The English city of Liverpool has been removed from the UNESCO World Heritage List after the United Nations cultural agency found new buildings, including a football stadium, that undermined the attractiveness of the Victorian docks.
Declared a World Heritage Site in 2004, Liverpool joined cultural sites such as the Great Wall of China, the Taj Mahal and the Leaning Tower of Pisa. The city is only the third place to be dropped from the prestigious list.
Following a vote in China by members of the World Heritage Committee, UNESCO said on Twitter that Liverpool should be removed from the international cultural organization’s list.
Joanne Anderson, the mayor of Liverpool, said the decision was “incomprehensible” and hopes to appeal.
“I am deeply disappointed and concerned by this decision to remove Liverpool’s World Heritage status, a decade after UNESCO last visited the city to see it with their own eyes,” she said. “We will work with the government to investigate whether we can appeal.”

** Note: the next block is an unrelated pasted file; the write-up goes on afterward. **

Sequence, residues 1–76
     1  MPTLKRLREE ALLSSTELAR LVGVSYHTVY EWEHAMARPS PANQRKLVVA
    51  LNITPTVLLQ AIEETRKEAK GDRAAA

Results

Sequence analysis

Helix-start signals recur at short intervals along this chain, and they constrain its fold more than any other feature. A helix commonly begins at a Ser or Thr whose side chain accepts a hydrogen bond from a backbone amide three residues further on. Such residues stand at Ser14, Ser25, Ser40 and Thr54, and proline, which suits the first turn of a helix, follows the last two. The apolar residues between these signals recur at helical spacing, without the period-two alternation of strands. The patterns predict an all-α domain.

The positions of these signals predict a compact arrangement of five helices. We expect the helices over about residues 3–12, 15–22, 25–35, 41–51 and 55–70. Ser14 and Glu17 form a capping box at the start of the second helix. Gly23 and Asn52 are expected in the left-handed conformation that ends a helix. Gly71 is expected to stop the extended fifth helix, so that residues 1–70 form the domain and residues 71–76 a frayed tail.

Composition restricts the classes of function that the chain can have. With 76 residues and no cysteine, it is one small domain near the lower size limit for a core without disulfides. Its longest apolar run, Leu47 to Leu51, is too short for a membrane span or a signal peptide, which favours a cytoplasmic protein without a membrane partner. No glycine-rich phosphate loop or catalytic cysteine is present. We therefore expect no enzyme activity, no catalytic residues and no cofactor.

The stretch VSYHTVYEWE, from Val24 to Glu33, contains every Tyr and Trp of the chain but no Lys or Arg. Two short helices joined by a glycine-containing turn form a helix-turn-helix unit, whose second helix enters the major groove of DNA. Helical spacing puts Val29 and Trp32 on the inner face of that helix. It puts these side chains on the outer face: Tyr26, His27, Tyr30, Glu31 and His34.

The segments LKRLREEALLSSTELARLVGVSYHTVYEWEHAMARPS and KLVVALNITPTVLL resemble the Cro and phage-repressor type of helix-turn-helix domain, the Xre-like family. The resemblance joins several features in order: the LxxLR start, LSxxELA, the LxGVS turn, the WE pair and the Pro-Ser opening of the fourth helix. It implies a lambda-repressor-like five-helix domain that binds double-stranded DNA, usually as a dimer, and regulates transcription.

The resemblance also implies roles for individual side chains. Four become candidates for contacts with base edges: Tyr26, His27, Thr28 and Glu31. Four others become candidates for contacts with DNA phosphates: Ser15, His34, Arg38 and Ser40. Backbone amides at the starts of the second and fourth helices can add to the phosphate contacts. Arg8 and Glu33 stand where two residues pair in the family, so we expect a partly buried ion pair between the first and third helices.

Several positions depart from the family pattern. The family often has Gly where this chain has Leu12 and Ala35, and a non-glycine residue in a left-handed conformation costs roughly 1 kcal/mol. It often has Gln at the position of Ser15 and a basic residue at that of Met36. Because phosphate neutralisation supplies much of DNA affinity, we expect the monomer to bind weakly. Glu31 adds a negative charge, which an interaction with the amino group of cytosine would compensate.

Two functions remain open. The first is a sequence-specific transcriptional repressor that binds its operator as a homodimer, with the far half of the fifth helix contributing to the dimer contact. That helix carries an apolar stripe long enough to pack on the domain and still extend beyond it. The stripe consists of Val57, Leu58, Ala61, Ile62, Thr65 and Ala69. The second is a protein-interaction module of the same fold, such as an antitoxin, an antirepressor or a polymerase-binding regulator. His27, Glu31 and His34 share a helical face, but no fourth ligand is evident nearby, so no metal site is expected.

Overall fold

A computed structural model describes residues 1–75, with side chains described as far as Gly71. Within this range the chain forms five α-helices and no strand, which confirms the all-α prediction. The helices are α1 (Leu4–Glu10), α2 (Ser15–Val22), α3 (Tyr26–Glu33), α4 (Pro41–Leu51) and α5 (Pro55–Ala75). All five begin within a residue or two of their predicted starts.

The only other locations previously stripped of the title are a nature reserve in Oman in 2007 after poaching and habitat loss and the Elbe Valley in Germany in 2009 when a four-lane highway bridge was built over the river.
The heritage label gives historic sites access to UN funding for conservation and also features in tourist guides around the world.
The threat of delisting has loomed over Liverpool since 2012 after UNESCO warned that new buildings had altered the city’s skyline and destroyed the waterfront’s heritage value.